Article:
By comparison, the report of assessment in the DOE-HQ EM enterprise is remarkable for its rather “disconnected from reality” air – represented in conclusions like this:
    “The data collected during this assessment indicates a homogeneous organization with respect to the perceptions and beliefs across the EM-HQ Organization. The lack of statistically significant differences across work groups and employee categories on most of the measures being evaluated is indicative of a pervasive culture. Combined with the perception by employees’ sense of tenuousness with several managers in acting positions, and the reductions in staffing mandated by budget decisions, the effective implementation of many of the new initiatives (cited above) in EM will be a challenge.”
    “Pervasive culture” as in “stacked cord wood” – this conclusion is suggestive of the common weakness observed in these type reviews: they comprise a snapshot in the moment looking at the wake of the ship, without suggesting what resilience for the challenges ahead may or may not exist. That and the seeming fact that at no point does one of these surveys “dig deeper” no matter how curious the information being gathered – where’s that “questioning attitude” when you need it?
    Later the recommendation appears:
    “1. As the EM Organization transitions into its new structure, it should seek to provide more clarity regarding the roles and responsibilities of each of the Office’s units. More formalization around the processes and procedures that are expected would also be beneficial for those trying to implement new initiatives. The oversight function in particular should be clearly identified and defined going forward.”
    Given that on the previous page it was reported that the new structure was emphasizing Integrated Project Teams and similar cross-functional collaboration as a way of improving field support, and that the organization is facing reduced FTE levels, how does this recommendation for more “paper boundary setting” make sense in terms of building and sustaining an enterprise culture facing “stormy seas ahead.”

  3. The earlier VIT Plant surveys took the evidence of whistleblowers, anonymous employee concerns, differing professional opinion reports, and nuclear safety with design inter-departmental friction – as well as lousy overall mission performance – as evidence that “safety culture weakness” was implicated as a prime causal factor.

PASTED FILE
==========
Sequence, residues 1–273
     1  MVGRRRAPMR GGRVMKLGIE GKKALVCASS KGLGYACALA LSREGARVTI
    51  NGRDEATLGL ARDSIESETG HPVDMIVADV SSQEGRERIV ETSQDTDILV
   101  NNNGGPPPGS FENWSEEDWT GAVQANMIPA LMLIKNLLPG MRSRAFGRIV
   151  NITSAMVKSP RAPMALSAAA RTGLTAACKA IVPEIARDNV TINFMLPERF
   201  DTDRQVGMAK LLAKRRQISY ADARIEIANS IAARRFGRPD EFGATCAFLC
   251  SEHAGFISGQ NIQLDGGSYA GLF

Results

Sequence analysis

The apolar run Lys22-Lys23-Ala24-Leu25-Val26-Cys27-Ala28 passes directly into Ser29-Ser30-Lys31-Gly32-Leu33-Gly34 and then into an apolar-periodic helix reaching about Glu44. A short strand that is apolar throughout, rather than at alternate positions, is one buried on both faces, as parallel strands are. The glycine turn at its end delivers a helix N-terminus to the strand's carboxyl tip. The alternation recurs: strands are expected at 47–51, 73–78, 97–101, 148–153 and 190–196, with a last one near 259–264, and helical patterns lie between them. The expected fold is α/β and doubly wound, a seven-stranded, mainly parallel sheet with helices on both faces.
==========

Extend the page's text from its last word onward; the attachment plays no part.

Three years ago, no one was challenged to prove or disprove that allegation – in all likelihood that would have proven quite a task given the complete lack of benchmark surveys in comparably Complex, High-Consequence, one-off design circumstances. Perhaps that would have been a worthwhile thing to contemplate, perhaps it would have been hard to “see the forest for the trees” – today with these additional reports it would seem that seeing the forest would be a lot easier.
    Severe human performance difficulties on the Vit Plant project have been pandemic (in some observer’s views) going back more than 10 years. On the hypothesis, that Vit Plant nuclear safety culture frictions are symptomatic of faulty Acquisition Strategy; insufficient Program management “competence commensurate with [the] responsibilities” of that “world class” acquisition challenge and working contract administration we are left to wonder how these follow on surveys enlighten us.
    I would suggest there is a lot of evidence that “weak nuclear safety culture” – when “captured” by the surveys reported here – is not serving well as either a diagnostic nor remedy indicator for what are recurrent failures of Integrated Safety Management achievement to the regulations incorporated in each of the site contracts, standards that are also applicable to the EM establishment. Sadly these surveys, modeled as they are around power reactor operations don’t “shine a light in that corner.”


Thanks for your comment. We read them all. The moderator will publish comments that are related to our content.